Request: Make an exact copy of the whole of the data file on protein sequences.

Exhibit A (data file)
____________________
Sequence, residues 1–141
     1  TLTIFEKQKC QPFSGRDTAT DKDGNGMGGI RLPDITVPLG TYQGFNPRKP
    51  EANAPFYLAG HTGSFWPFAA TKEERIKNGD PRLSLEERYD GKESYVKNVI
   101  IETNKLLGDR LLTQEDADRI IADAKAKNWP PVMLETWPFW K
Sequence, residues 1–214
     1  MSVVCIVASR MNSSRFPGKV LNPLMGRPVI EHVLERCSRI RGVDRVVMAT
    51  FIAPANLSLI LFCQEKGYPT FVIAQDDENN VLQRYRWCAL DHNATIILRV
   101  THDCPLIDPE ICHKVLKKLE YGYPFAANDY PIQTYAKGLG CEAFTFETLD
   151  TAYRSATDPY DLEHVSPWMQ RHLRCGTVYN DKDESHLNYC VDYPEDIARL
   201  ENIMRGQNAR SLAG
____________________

Sequence, residues 1–141
     1  TLTIFEKQKC QPFSGRDTAT DKDGNGMGGI RLPDITVPLG TYQGFNPRKP
    51  EANAPFYLAG HTGSFWPFAA TKEERIKNGD PRLSLEERYD GKESYVKNVI
   101  IETNKLLGDR LLTQEDADRI IADAKAKNWP PVMLETWPFW K
Sequence, residues 1–214
     1  MSVVCIVASR MNSSRFPGKV LNPLMGRPVI EHVLERCSRI RGVDRVVMAT
    51  FIAPANLSLI LFCQEKGYPT FVIAQDDENN VLQRYRWCAL DHNATIILRV
   101  THDCPLIDPE ICHKVLKKLE YGYPFAANDY PIQTYAKGLG CEAFTFETLD
   151  TAYRSATDPY DLEHVSPWMQ RHLRCGTVYN DKDESHLNYC VDYPEDIARL
   201  ENIMRGQNAR SLAG